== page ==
Wednesday the 27th at 3:30am, I woke up from a deep sleep feeling really crappy. Both shoulders were aching from God knows what, and that pain was starting to creep down both arms. I pictured the TV ad for Lyrica, in which the lead actress starts rubbing her shoulders and you can see through her skin and all the raw nerves. I thought to myself, “Fibromyalgia? Really?”
Well, this idiot, who clearly watches way too much television kept feeling worse and worse. I broke into a cold sweat to end all cold sweats. It was literally pouring off of my face and body. I woke Jan up and said, “Something’s wrong.” She sat up immediately and asked, “Do I need to call an ambulance?” I nodded yes and then laid down on my side of the bed, barely able to breathe. The pain by then was excruciating. It was particularly vicious on my back between the shoulder blades.
Once the EMTs got me loaded up and strapped in, we took off. I felt really bad for the guy working on me. Every time he tried to get an IV drip going, the needle in the perfect position, the ambulance would hit a bump. He kept apologizing and I kept saying, “No worries.” As bad as he felt about all the punctures in my otherwise perfect skin (HA!), that pain was nothing, a light breeze across my brow by comparison. By the time we pulled into the Emergency entrance of St. David’s | South Austin Medical Center, I still didn’t have an IV going, but I had five beautiful puncture wounds on various parts of my arm. Dr. Levy and his Cath-Lab crew took over from there.
It turns out the Right Coronary Artery, the blood vessel that is the primary blood supply for the heart was blocked, starving my heart of blood and oxygen. My heart was not happy. I remember just saying the word “pain” over and over again. At that point I was feeling it everywhere.
Of course they had me wired from here to Sunday, but they kept me conscious the whole time. At one point, I remember fading to black, only to be shocked…literally, back to blinding light. If you’ve ever been bitten by household current, you have some idea of what that feels like. It is anything but pleasant. I was told later that my legs and head flew up like I was doing a pike dive then flattened out. I don’t remember that, but I remember very clearly saying, “What the fuck?” (Not my normal speech habit, I can assure you.) I also remember the Doctor calmly saying, “Your heart was acting up so we had to shock it a bit.”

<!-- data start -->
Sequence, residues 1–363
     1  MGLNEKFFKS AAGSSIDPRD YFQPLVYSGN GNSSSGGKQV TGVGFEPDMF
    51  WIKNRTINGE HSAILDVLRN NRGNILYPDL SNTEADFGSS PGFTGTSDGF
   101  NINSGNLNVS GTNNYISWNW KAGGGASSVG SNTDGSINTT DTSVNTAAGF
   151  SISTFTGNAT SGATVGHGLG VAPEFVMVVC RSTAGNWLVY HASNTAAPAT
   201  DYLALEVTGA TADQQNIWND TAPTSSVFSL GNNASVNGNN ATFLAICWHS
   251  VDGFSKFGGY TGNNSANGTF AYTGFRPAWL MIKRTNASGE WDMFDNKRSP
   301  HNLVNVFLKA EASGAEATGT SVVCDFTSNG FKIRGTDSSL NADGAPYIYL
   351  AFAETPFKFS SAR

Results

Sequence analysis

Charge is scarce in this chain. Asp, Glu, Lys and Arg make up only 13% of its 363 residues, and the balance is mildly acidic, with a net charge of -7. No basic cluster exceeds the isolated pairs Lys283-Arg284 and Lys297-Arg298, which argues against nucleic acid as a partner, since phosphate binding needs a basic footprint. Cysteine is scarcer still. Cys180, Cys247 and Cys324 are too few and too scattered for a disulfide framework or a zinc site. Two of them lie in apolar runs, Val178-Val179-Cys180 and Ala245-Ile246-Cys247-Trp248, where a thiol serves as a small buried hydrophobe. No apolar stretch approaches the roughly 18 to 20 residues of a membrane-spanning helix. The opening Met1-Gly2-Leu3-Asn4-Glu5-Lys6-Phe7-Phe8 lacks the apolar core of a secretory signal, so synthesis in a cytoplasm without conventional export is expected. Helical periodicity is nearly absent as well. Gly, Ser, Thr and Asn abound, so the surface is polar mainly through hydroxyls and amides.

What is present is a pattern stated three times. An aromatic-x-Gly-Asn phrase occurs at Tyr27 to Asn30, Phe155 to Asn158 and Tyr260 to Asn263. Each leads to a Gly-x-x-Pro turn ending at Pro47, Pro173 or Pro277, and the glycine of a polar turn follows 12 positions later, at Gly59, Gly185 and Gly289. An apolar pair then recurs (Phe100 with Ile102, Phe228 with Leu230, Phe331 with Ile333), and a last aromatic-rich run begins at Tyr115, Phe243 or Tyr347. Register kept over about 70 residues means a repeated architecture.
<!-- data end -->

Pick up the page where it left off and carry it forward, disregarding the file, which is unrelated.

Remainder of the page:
At this point I had been in agony for nearly an hour, I had absolutely no clue what they were doing to me and I was thinking, “This is a really crappy way to go.” I heard the Doctor say, “Stand by,” and a moment later, it was like someone flipped a switch. The pain was all instantly gone. It felt so good, it was almost worth all the pain that led up to it. I looked into Rachel’s eyes (she was the RN/Tech assisting Doctor Levy) and said, “That is beautiful!”
Over the next few days, I had some minor issues crop up, like a Pseudo-Aneurism on my Femoral Artery, the entrance point Dr. Levy used to put in the stent. That’s under control now. Because they put me on blood thinners, I now bruise if you just look at me wrong. You should SEE the bruising in my groin area from the Pseudo-Aneurism. On second thought, you should be glad you can’t see it. It is pretty spectacular. Through it all I met an amazing staff at St. David’s. Every nurse and tech took such good care of me.
A word to the wise, my friends: I know that symptoms of a heart attack can often be very different from one person to the next, but I am told that my symptoms are not unusual. I started feeling that achy, "fibromyalgia" (from the TV spot) feeling on the previous Sunday. Of course they weren't as strong as when the MI came into full-swing, but they are definitely uncomfortable and very noticeable. If you start feeling that way, make sure you have a few full-size/full-dose aspirin on hand at all times. (The standard Bayer tablets will do nicely.) My Doctor said that the 'fistful' of aspirin I took right off the bat probably saved my life.
And don't think I haven't realized that my situation was nearly the same as Tom Petty's. The difference was I had someone who didn't hesitate to call for help. If we had waited, that shock the Doctor gave me would never have been given in time and I would be over. I owe everything to my wife, Jan.
I’ve been home a couple of days now and although my turbines are still spinning up, I’m feeling stronger just about every hour.